We launched this week with an exercise. In an effort to activate the problems of form and style at issue in our analytic readings this week (and to do so via the institution of the museum, so significant in Robin Coste Lewis’ “Voyage of the Sable Venus”), we walked out into an almost warm Spring afternoon and made our way over to the “Confronting Childhood” exhibition at the art museum. The assignment?
- Look at the show.
- Identify a feature/mood/quality in the works on display that can be productively addressed in the language of style.
- Take 3-5 pictures of the works in question, and get ready to do a two-minute mini-slide-lecture for the seminar.
We allotted 30 minutes for all this.
Back in the classroom, a half an hour later, we did a kind of “Style-Slam” — ten super-quick presentations that brought out a variety of stylistic features within and across the works in the exhibition. Greg examined three different “hands” in the images, asking us to pay closer attention to the styles of gripping/touching/holding they indexed (I was reminded of the fact that George Kubler’s mentor/colleague Henri Focillion did a much-loved book on hands in art history). Ismael focused on the stylistic conventions of the gallery itself, and detailed the sutures where “rents” in the neutral, enveloping envelope of the gallery had been stitched up or bandaged over. Lisa powerfully evoked the gestural self-fashioning of (adolescent/juvenile) masculinity across four of the images; style seemed especially apt here. Jackie was particularly taken with a “punkiness” of gaze and posture, again looking particularly at figures in the liminal zone between child and adult.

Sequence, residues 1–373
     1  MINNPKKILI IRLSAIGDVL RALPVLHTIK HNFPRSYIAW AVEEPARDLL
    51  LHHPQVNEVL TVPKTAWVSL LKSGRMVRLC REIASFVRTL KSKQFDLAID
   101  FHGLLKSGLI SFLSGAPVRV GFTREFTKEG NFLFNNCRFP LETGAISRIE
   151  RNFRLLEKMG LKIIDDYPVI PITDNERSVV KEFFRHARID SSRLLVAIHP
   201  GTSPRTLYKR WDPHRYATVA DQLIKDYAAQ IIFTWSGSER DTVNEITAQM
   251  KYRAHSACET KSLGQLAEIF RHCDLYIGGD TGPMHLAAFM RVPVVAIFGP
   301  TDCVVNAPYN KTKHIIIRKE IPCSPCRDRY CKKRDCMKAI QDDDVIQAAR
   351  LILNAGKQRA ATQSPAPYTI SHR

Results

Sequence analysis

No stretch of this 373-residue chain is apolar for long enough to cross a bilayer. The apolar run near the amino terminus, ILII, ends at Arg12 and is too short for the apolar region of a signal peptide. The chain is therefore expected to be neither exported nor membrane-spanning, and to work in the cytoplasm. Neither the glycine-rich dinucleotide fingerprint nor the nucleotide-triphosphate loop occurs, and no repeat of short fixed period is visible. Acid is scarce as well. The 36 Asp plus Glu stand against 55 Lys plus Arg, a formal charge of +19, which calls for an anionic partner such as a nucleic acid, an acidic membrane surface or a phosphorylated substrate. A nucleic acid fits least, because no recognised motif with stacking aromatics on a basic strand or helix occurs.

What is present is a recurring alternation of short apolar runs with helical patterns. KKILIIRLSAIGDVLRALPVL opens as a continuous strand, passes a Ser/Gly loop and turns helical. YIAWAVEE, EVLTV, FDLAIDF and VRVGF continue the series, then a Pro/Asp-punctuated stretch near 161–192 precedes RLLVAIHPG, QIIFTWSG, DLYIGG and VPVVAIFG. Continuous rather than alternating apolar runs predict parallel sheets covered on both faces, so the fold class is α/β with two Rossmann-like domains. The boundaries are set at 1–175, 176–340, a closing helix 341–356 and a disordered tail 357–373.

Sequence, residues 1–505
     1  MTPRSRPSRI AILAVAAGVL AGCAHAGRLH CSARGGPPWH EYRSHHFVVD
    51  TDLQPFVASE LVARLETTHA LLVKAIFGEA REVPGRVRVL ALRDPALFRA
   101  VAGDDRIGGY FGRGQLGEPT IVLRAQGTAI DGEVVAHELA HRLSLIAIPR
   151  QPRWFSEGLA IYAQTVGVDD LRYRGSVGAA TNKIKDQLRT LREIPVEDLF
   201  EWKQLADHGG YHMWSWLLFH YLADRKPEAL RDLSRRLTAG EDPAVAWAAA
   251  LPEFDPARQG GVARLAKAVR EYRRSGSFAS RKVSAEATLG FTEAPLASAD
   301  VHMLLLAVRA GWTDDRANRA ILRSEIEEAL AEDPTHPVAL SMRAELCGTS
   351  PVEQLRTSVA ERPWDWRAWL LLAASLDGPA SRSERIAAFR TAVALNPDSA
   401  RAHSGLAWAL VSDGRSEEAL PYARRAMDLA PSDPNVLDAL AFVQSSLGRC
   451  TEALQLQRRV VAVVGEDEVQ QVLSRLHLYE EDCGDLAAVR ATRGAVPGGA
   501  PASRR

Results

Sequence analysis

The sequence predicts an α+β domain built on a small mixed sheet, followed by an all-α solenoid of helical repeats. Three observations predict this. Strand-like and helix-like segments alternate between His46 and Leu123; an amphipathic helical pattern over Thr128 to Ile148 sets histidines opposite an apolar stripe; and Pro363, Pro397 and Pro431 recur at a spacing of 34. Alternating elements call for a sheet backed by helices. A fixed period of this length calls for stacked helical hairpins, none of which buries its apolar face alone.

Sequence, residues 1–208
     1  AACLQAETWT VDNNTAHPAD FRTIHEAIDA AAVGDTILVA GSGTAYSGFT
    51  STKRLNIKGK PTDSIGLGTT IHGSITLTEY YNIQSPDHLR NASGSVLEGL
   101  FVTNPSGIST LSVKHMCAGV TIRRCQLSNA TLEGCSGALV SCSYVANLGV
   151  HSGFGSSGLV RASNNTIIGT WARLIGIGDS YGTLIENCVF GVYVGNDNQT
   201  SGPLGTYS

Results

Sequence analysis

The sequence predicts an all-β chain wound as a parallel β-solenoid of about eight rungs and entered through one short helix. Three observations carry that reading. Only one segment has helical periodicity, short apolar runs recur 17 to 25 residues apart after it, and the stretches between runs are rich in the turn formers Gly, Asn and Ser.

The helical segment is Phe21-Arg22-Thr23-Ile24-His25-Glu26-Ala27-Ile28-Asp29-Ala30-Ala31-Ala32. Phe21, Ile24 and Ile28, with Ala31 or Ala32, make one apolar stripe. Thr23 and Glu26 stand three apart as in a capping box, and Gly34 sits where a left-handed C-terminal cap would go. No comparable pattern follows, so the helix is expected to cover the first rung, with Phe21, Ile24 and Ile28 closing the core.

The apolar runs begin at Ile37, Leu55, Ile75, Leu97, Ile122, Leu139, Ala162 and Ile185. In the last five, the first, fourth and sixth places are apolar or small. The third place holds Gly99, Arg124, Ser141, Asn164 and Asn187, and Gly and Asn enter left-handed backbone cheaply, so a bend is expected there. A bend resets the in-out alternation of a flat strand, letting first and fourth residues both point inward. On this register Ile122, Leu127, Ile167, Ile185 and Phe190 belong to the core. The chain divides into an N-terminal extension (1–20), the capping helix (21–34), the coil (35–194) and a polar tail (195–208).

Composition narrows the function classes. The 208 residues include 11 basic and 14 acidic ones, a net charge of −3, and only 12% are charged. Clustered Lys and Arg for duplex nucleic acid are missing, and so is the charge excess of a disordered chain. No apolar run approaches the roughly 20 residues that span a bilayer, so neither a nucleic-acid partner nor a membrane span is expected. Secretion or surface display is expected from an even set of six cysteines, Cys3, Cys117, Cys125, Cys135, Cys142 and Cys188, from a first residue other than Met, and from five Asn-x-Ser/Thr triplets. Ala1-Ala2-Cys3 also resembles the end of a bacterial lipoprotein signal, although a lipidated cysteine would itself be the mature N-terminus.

For the most part the discussions focused on style in the synchronic sense, but both Jeff and I attempted more diachronic analyses: mine looked at 3 images (I reproduced them here below) and argued for an evolution in the “style” of coordinating the gaze and the gift in a series of images of what might be called “flower girls.”